However, the Senedd’s Equality, Local Government and Communities Committee recently received evidence from the Bevan Foundation, which explains that much of the face to face-delivered support and awareness raising was postponed as a result of the coronavirus pandemic and describes this as a “major setback.” The Committee’s report (PDF, 478KB) recommended that the Welsh Government should ensure that its EUSS awareness programmes are being run in alternative ways which take account of the on-going restrictions on face to face meetings.

UK citizens living in EU Member States must also apply for settlement

In the EU, each Member State is responsible for its own scheme for UK citizens. Each Member State has chosen one of two different types of settlement scheme, as follows:

14 Member States have chosen a declaratory system. This does not require UK citizens to apply for a new residence status as a condition for legal residence and no further action is required of them. The EU will provide a physical residence document for these citizens, which will take the same format in the 14 Member States.

13 Member States have chosen a constitutive system. This is similar to the UK’s system in that it requires UK citizens to apply for a new residence status within the deadline set by the Member State in which they live. The earliest the deadline can be is 30 June 2021. Member States plan to use administrative procedures for this that could require face to face meetings. This is different from the UK’s process, which is completely digital.

People from Wales living in EU Member States should check which scheme their resident country has chosen and its application deadline, which can be different in different Member States.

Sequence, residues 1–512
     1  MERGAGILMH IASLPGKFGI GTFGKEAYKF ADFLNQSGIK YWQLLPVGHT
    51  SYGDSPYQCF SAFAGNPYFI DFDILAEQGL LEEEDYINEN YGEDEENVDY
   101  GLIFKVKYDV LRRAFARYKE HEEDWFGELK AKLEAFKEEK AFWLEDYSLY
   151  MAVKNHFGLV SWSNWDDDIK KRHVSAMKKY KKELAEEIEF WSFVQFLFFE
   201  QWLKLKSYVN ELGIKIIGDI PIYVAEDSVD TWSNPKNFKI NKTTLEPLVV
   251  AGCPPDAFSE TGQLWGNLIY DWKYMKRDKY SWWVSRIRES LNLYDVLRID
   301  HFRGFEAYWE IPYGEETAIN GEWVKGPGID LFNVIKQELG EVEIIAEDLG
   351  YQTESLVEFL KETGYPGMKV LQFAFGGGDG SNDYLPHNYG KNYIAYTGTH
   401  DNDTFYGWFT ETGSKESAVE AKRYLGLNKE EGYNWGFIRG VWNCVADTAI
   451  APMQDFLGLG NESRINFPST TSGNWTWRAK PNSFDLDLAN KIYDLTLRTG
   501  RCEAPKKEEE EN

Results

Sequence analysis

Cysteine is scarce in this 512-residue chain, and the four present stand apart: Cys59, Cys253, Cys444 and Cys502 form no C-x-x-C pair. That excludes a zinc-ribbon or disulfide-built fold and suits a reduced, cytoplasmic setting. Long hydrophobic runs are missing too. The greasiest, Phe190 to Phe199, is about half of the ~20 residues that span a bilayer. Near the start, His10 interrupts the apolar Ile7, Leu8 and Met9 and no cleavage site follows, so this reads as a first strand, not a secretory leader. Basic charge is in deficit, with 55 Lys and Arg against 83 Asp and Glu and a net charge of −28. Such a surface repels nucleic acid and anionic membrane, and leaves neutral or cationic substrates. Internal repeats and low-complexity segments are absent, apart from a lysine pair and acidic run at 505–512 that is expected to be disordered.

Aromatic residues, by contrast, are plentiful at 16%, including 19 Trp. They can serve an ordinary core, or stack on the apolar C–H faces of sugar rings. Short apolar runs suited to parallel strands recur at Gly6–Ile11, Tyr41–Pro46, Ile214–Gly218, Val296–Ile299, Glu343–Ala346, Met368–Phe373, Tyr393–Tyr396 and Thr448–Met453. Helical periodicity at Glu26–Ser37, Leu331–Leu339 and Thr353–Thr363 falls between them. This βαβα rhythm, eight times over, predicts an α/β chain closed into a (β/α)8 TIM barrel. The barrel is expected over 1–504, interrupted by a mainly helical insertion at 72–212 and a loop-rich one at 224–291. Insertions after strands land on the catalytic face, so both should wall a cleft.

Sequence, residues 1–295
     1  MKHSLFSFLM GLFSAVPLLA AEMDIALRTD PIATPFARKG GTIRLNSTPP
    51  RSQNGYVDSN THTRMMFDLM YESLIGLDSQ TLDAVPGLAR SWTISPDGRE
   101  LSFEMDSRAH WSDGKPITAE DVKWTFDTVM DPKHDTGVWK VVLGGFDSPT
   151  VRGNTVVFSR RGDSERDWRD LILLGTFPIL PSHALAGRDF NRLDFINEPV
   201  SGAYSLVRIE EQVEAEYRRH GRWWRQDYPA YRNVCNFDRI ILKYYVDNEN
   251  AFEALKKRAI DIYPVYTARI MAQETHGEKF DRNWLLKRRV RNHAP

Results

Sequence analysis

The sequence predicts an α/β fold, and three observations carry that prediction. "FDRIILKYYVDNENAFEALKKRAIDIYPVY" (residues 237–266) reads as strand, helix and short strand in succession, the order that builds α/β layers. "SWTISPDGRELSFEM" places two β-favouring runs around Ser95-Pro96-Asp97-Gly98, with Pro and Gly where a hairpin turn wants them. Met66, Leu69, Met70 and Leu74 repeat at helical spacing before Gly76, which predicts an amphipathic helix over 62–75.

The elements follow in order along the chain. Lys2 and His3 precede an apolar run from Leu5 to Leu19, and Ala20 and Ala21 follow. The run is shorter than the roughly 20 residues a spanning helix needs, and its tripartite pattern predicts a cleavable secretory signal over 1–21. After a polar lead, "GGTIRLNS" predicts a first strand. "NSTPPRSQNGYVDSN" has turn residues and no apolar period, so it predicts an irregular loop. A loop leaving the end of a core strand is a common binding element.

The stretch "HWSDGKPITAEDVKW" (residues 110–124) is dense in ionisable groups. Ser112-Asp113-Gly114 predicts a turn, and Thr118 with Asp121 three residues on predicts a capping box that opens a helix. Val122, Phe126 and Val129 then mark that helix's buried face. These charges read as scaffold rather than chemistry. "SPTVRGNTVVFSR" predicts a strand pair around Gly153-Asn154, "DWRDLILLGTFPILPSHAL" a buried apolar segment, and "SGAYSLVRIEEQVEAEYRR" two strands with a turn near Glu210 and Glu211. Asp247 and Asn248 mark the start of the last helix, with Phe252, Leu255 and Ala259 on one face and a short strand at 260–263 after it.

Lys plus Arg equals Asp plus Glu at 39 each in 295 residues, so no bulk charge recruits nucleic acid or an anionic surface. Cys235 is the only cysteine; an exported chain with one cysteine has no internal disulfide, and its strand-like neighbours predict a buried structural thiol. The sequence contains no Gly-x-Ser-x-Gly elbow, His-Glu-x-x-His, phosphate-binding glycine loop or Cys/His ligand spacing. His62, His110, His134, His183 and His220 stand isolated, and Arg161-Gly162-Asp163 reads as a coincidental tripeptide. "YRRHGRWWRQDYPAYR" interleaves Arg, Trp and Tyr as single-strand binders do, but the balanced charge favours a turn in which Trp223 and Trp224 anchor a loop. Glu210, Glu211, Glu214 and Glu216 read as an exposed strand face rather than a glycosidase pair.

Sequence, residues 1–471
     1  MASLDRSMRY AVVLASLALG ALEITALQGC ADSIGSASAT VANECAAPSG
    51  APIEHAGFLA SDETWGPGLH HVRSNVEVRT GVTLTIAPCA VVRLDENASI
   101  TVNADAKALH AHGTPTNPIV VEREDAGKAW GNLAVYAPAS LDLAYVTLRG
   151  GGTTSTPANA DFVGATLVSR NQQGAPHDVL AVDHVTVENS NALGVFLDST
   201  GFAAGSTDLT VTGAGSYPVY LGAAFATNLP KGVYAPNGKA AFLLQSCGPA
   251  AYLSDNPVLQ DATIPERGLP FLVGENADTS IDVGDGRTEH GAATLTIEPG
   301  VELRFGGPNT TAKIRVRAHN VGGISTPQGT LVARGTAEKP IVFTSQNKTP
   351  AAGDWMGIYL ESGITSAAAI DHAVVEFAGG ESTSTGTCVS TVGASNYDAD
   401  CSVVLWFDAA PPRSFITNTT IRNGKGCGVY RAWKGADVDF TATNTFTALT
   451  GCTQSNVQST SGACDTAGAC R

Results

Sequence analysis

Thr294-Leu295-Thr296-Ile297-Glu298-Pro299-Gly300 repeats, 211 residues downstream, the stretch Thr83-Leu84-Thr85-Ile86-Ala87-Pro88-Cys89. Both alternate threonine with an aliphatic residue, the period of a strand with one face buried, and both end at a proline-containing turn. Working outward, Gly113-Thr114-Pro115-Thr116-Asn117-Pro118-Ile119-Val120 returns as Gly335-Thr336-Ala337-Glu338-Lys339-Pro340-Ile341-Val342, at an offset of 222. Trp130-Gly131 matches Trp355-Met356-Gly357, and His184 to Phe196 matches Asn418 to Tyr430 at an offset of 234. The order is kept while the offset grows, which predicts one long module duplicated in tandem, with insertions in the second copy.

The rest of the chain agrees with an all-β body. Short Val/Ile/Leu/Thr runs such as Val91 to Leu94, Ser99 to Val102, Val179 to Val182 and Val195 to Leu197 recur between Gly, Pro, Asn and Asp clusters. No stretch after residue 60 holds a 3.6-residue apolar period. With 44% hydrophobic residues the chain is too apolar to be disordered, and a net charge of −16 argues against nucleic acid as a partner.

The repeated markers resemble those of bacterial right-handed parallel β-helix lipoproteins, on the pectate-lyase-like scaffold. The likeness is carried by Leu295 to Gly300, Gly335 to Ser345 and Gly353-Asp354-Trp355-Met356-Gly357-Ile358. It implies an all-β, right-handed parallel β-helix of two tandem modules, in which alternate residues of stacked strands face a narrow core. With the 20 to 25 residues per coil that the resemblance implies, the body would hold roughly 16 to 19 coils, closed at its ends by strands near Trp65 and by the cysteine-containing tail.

The EU Commission has published a table (PDF, 146KB) showing each Member State’s choice of system, application deadline (if confirmed) and dedicated websites for UK citizens. It has also launched a Q&A webpage with information on each Member State for citizens. The Commission’s role is to oversee Member State compliance with the Withdrawal Agreement and it has published a guidance note (PDF, 1.1MB) to assist them with this.  

Following the second meeting of the UK-EU Specialised Committee on Citizens’ Rights on 6 August, it emerged that UK citizens already resident in EU Member States may be given additional freedom of movement rights after the end of the transition period.

European Commission officials reportedly confirmed to Politico that UK citizens living in one Member State could be entitled to settle in a different Member State than the one they live in, for purposes including to work and study. Those who have lived in the EU for more than five years could also be granted additional benefits, such as being able to leave their host country and return without losing their status.

Recent UK-EU disputes about benefits eligibility and legal compliance

In May, a dispute over citizens’ rights emerged between the UK and the EU, who are both jointly responsible for the implementation of the Withdrawal Agreement.

On 14 May, the EU Commission launched infringement proceedings against the UK for failing to comply with EU law on the free movement of EU citizens and their family members. On the same day that the EU launched its proceedings, the UK Government raised concerns on behalf of UK citizens living in EU Member States in a letter to the EU Commission. The concerns relate to inconsistencies amongst the EU27 in the communication of key information, the application process, and support for vulnerable citizens.

The EU’s response to the UK Government on 28 May welcomed the progress made by the UK’s settlement scheme but said that it remains concerned about the ability of vulnerable citizens to apply ahead of the UK deadline and about complaints from EU27 citizens that access to social benefits has been refused by UK authorities. The response also set out action taken by the EU to alleviate the concerns of the UK Government. Furthermore, EU Chief Negotiator, Michel Barnier, advised on 2 September that the EU “will also continue be extremely vigilant when it comes to ensuring the full respect of citizens’ rights under the Withdrawal Agreement.” 

From January 2021, the UK will have a new point-based immigration system for all EU and non-EU citizens.


Article by Sara Moran, Joe Wilkes and Hannah Johnson, Senedd Research, Welsh Parliament